Playing For Keeps: Carson Roche’s Connections Through Sport
While Carson Roche teaches play and games, he takes the work he does as the program coordinator at the Aboriginal Sports Circle of the Northwest Territories seriously. His enthusiasm is contagious. “I've been here for just over two years and I don't plan on leaving. I love my job and it's going awesome so far,” he shared with excitement.
Originally from a small town, Délı̨nę, which was called Fort Franklin in Northwest Territories. An hour and a half flight from the capitol city, t’s a town of 400 people. Isolated, remote and primarily populated by Indigenous people, Roche left in grade eight to get a better education. Now, he lives in Yellowknife doing work he loves after being introduced as a summer student.
I loved what they were doing in the communities and I saw that they're making change. My main goal with work is just to make change in the community.
Roche graduated and landed his dream job where he’s had amazing experiences. “Grise Fiord, Nunavut was my favorite place I've been to just because it's so far north. It took days to get there and six flights. Once we got there, you can tell it's very isolated. They don't get in a lot of contacts from the outside world, just because it's so far north and it's so expensive to get there,” he recounted.
"Me coming from a community and get my degree, and then bringing it back to work, it allows me to reach out to all the communities, not just my hometown and, and just be a role model and help change. The Sports Circle, that's their main focus, changing the communities.”
Getting to introduce sports to the community was exciting. “Once I got there, and I started teaching these traditional games, they were really excited and they got into it. I was there for about four or five days, and by the third day, everyone was enjoying it and really got out of their shell and tried new things,” Roche relayed.
Roach watched the community gain new skills, recalling, “We hosted a little mini tournament and one of the games we threw was the one foot high kick. Some of these kids have never kicked before and they're kicking higher than me and I've been teaching it and it was nuts.”
He saw how those games brought people together. “One of the guys' dads was kicking with his son. You just see that bond there, and they're both just kicking higher and higher and higher.” The organization left equipment behind so they could keep playing.
Growing up in a small town, you're faced with a lot of challenges such as drug use and just getting into trouble. I always found sports as a way to get out of it, hockey in the winter, soccer in the summer, softball, whatever you can do in a town of 400 people.
Sports in that setting took creativity, like football in the snow and building a makeshift golf course with things found at a garbage dump. That improvised sports experience led to a passion for Roche.
He played on his first golf course in Fort Smith, then played every summer, got a membership and tried out for the university team where he was well coached. He learned to play and to make a difference.
Sports in the university were just a way to stay active, keep my mental health in check and engage with other people. My main focus for going to school was just to get a degree and make my way back up north and, and spread my knowledge with the communities.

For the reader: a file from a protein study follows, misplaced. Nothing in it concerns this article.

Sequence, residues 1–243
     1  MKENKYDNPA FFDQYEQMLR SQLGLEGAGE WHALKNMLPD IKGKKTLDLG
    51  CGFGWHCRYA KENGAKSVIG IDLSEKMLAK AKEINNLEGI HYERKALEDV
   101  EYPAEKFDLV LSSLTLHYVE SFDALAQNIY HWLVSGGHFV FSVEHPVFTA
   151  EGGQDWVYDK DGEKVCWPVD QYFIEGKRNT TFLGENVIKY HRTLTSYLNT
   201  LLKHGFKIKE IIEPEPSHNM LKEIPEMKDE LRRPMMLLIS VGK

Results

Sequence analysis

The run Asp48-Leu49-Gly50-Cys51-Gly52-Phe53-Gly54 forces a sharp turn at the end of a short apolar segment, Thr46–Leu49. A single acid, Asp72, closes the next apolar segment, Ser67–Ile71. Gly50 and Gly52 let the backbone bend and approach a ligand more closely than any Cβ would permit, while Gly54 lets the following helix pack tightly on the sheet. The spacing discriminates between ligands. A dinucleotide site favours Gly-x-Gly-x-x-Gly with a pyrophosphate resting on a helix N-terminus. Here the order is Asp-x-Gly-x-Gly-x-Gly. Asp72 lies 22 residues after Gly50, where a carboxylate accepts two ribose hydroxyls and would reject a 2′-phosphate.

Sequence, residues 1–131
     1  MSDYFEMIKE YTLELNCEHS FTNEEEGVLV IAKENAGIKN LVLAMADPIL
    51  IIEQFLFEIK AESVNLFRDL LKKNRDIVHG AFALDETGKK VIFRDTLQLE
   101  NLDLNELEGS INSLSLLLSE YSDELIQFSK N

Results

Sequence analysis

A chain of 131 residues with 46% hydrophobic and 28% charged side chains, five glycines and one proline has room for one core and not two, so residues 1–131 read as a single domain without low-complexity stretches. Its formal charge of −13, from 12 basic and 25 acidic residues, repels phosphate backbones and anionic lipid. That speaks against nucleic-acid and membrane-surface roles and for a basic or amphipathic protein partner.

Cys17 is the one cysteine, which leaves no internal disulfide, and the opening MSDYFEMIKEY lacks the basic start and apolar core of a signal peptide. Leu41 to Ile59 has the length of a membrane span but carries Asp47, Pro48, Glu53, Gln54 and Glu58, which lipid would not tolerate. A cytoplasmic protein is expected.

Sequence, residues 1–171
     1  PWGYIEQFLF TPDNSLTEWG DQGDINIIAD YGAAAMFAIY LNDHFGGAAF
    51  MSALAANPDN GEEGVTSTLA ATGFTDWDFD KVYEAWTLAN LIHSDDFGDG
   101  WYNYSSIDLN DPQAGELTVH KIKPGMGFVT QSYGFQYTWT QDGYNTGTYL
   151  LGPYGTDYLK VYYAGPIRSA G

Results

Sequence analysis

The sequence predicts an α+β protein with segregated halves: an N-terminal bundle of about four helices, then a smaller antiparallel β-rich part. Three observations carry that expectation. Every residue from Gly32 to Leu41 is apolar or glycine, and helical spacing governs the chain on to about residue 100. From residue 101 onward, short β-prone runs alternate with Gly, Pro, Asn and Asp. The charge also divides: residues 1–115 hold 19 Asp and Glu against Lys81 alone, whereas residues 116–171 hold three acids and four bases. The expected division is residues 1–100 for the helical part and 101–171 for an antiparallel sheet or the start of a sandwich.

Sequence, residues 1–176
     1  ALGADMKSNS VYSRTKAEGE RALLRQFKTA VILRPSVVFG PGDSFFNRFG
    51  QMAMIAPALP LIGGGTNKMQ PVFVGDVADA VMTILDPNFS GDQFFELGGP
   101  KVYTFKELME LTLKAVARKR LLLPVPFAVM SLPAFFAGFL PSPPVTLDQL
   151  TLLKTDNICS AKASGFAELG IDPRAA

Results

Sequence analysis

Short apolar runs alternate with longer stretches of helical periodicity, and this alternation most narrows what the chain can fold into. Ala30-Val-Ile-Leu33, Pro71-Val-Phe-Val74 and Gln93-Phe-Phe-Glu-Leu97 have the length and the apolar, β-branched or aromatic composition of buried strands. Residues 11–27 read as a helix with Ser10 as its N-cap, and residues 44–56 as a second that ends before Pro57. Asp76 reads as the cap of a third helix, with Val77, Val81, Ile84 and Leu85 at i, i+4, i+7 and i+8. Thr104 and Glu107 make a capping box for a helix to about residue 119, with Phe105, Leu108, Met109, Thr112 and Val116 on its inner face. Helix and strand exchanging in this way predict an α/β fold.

Leaving home to pursue his dreams was challenging. “Being from a small community, you don't have access, you're not traveling for tournaments. You're not going on school trips. It's just so far north. Once you do leave, it's hard to break that shell. When I got to university, I wish someone told me to join all the clubs, go to all the events, make friends and just put yourself out there,” he remembered.
His advice for youth leaving home is a message of hope: “Don't be afraid that that's one thing that helped me, just stepping out of your shell and don't be afraid of anything. Stay active, go to the gym, join any team or rec league.”
“Just know that your hometown, it's always your home. So when you go back, everyone welcomes you back and then they're really proud of you. Every time I go back, it still feels like home and I love going home.”
In his hometown, his mom inspired him. “She was a cop back in the day with the strict rules, and she always encouraged staying in school. I made my way through school and she was always pushing me and always challenged me with everything,” he said.
Going to university, my mom was always there anytime I needed help. I always looked up to her and see what she's done with the community of Délı̨nę. She's the band manager there, and she coordinates all the events. She's almost like the chief there. I just look up to her a lot as a role model.
Roche knows his mom guided his journey, but she didn’t do it alone. It takes a village to raise an athlete who would later come home to help create change. “With the help of my friends and their support, they helped me get through everything I've gone through,” Roche explained.
Pursuing sports and sharing them was a gamechanger for Carson Roche and for the communities where he’s made an impact. Learning to innovate, persevere and have fun carried life lessons that would change not just his life but the lives of everyone his work has touched. Rooted in games, Carson Roche approaches each challenge like he’s playing for keeps and that has made all the difference for himself and others.
Thanks to Alison Tedford for writing this article.
Dec 2021 update: Carson is now the Events Manager for ASCNWT and organizes and runs some of ASCNWTs major events throughout the year, focusing on community development and showcasing Indigenous northern athletes.
Future Pathways Fireside Chats are a project of TakingITGlobal's Connected North Program.
Funding is generously provided by the RBC Foundation in support of RBC Future Launch, and the Government of Canada's Supports for Student Learning program.